But now the thrill of Hampstead Hill
Is one I’ll never know.

You see, the catch with Colney Hatch
Is that it’s far away,
And Belvedere is not so near,
And nor is Harringay.

It’s quite a trek to Tooting Bec
To tax my weary feet;
To all who dwell in Camberwell,
I guess we’ll never meet.

I’m at a loss beyond King Cross
In Wimbledon or Cheam,
And hopes to race to Enfield Chase
Are but a wistful dream.

My view is dark of Belsize Park,
No matter how I look,
I’ll never gain on Rayners Lane,
Nor wade in Stamford Brook.

My plans to rove in Arnos Grove
Will never come to good;
I can’t head down to Kentish Town,
Nor fly to Falconwood.

They’re much too far from Temple Bar,
Though hardly by design;
It’s just today I rarely stray
Beyond the Circle Line.

 

I was aiming for a modern version of Bow Bells, but what with property prices these days, it’s already thirty years out of date.

 

 

News Snooze Cues Muse Schmooz

selective focus photography of two orange drinks
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News Snooze Cues Muse Schmooz

I met her in the silly season:
Ace reporter Lisa Leeson –
Met her in the Summer, as it moved from high to late.
She said she newly had the time
For chilling with a gin and lime,
And meeting with a stranger for a secret steamy date.
Until the real news arrived,
She churned-out waffle, faffed and skived,
To dodge the z-list luvvie-spotting at the village fete.
And so we spent the Summertime
Away from wars and wonks and crime,
And nothing went on happening in law and trade and state.

Not a love-nest, romp or threesome,
Just myself and Lisa Leeson,
While the ever-greedy presses must procrastinate –
And so we joined our choice of queues,
With not a thought to check reviews,
For visits to the restaurants, the movies and the Tate.
But Summer changed to Autumn brown,
And cooler breezes teased the town,
And she could hear the calling of the headlines and the hate.
So Lisa Leeson bid farewell,
And broke our silly Summer’s spell
By quitting idle drifting for a world that would not wait.

In Priase of the ‘Leaf’

Leaf
Silver Wanger by Norman Foster & Ealing Council

 

In Praise of the ‘Leaf’

Well done, Ealing !  Macho, strong !
Build your towers, probe the sky,
Pump your concrete, raise your steel –
Bring the low-rise wimps to heel.
Bravo, Ealing !  Far too long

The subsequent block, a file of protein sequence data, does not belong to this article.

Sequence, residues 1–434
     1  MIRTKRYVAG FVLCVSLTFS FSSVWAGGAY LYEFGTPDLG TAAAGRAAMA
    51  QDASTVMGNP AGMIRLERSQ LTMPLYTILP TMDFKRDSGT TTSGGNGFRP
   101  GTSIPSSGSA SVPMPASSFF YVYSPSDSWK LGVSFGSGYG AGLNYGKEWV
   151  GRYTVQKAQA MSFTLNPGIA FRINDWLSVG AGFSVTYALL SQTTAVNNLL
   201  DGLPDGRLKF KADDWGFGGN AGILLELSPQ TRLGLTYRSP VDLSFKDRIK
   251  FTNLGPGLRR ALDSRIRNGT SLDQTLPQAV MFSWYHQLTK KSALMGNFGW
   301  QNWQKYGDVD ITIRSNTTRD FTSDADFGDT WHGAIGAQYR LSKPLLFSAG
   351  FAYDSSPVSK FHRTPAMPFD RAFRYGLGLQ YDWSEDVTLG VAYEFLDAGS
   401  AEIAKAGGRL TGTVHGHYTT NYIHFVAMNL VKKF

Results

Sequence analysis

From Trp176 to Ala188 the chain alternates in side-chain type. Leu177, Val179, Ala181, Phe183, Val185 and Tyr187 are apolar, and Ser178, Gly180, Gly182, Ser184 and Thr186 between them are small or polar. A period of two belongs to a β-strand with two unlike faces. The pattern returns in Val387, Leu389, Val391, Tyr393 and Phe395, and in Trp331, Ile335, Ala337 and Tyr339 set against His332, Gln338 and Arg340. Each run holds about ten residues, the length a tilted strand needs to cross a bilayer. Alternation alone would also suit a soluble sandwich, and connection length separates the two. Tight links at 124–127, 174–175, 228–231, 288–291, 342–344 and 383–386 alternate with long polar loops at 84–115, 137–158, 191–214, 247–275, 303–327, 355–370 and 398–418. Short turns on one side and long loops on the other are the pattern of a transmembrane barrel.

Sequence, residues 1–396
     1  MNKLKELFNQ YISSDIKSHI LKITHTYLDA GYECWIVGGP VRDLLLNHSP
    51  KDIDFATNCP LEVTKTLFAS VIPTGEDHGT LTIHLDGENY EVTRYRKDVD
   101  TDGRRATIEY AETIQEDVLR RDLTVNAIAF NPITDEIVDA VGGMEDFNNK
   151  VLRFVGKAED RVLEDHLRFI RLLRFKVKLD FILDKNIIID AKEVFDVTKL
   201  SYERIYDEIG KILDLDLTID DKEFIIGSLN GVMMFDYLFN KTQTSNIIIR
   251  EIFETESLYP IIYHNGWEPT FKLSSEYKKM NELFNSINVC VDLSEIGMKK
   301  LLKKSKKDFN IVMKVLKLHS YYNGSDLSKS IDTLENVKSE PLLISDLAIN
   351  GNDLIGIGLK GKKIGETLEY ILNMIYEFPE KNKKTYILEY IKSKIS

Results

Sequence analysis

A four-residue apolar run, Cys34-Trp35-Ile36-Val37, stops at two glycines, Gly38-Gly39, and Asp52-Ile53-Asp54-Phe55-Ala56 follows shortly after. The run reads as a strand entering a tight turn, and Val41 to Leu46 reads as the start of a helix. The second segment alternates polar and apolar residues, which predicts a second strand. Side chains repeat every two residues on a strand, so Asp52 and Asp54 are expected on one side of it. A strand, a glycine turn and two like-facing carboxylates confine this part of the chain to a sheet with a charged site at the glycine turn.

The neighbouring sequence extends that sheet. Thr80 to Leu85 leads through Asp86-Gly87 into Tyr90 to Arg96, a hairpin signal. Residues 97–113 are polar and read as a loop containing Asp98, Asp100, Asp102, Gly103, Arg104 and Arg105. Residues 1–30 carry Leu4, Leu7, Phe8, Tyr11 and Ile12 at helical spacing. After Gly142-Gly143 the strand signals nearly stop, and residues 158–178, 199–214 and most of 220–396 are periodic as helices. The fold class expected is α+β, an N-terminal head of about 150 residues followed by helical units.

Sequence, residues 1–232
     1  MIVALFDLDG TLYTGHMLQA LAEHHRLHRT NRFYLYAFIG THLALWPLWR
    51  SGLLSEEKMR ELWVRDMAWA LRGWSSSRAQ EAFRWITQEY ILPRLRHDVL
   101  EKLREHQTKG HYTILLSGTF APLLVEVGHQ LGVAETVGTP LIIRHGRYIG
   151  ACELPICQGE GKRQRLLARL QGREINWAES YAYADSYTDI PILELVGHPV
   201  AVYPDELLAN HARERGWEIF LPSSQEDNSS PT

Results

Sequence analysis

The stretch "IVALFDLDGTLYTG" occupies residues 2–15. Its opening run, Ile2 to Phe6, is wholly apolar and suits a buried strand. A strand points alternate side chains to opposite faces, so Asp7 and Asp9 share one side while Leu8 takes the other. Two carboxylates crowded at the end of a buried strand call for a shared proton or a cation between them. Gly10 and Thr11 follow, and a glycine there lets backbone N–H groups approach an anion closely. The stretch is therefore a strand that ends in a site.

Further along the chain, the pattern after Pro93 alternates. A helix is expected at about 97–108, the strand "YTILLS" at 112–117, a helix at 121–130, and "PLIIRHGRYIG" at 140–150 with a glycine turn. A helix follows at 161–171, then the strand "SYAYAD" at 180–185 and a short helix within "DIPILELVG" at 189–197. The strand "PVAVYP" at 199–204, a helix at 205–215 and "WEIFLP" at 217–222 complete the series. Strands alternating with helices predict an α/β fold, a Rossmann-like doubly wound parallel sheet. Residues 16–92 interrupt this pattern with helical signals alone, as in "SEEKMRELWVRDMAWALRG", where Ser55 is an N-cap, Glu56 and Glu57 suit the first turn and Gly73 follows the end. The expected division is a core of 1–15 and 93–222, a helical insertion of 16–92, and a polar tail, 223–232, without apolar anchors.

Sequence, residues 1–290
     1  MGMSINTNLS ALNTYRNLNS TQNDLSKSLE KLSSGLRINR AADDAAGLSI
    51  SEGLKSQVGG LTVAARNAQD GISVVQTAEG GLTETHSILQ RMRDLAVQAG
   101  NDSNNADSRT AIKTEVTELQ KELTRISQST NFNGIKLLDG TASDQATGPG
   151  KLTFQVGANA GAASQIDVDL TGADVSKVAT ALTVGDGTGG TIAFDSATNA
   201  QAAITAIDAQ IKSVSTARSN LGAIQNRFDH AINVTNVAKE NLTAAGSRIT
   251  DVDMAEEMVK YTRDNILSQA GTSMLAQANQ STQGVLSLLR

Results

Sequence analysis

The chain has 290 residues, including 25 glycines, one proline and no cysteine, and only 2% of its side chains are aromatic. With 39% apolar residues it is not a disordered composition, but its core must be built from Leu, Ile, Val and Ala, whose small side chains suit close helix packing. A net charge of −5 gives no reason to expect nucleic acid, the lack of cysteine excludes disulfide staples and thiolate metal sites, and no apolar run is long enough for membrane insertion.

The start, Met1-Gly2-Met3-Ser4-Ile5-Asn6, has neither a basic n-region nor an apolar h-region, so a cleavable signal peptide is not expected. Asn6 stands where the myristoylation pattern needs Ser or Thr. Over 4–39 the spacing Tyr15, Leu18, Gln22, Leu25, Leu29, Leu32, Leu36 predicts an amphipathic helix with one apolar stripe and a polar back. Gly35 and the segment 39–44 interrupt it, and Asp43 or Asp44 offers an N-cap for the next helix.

You’ve languished only four floors high;
Never felt the bracing breeze
When funnelled through a cut-price Mies.

Lord it over Christchurch spire,
Just a finely-sculpted fop;
It looks too good and stands too proud,
It mocks too much to be allowed.
Now we find when building higher,
So our expectations drop:
Mustn’t cling to ancient primes,
For now we live in av’rage times.

Your flats will sell before their sheen
Has moldered-off or ghetto-greyed.
So price them at a hefty wad –
For no cheap housing here, thank god !
And finally can Haven Green
Now bask all year in deepest shade.
Don’t be subtle: rage and shock,
By showing them the finger-block.

Well done, Ealing !  Ditch the mild !
You’re pissing down to raise a stink.
It’s meant  to be so out-of-scale,
This temple to the Thrusting Male.
Bravo, Ealing – stay beguiled !
And who cares what they locals think !
Quit the Nineteenth Century,
And welcome Nineteen Sixty-Three.

 

 

The ‘Leaf’ was a proposed wanger for Ealing in West London back in 2007.  Alas, this was ditched in favour of the Dickins Yard wangettes of only 14 floors, which is only three-and-a-bit times too high.  But just think what we could have had !

 

 

Falling Standards

abstract architecture attractive background
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Falling Standards

I know a modern architect who really loves his jazz.
The hypocrite ! Still clinging to his Monk and Duke and Chas !
The music of the moment is the only sort allowed –
Hip-hop, pop and drum & bass – played endlessly and loud.
For any newly-written jazz is just a quaint pastiche,
So councillors and plutocrats must keep it on a leash.
Keep it stark and minimal, without such syncopation –
For finely-crafted solos are just needless decoration.
And as for old recordings: don’t restore them, but adapt:
Saxophones now synthesized, and melodies now rapped.
Drum machines inserted, so’s to tell the new from old;
Gut ’em out and fit ’em up – it’s brutal, brash and bold !
We’ll wipe the records clean to make the space for noises new,
For songs are just machines for lis’ning to.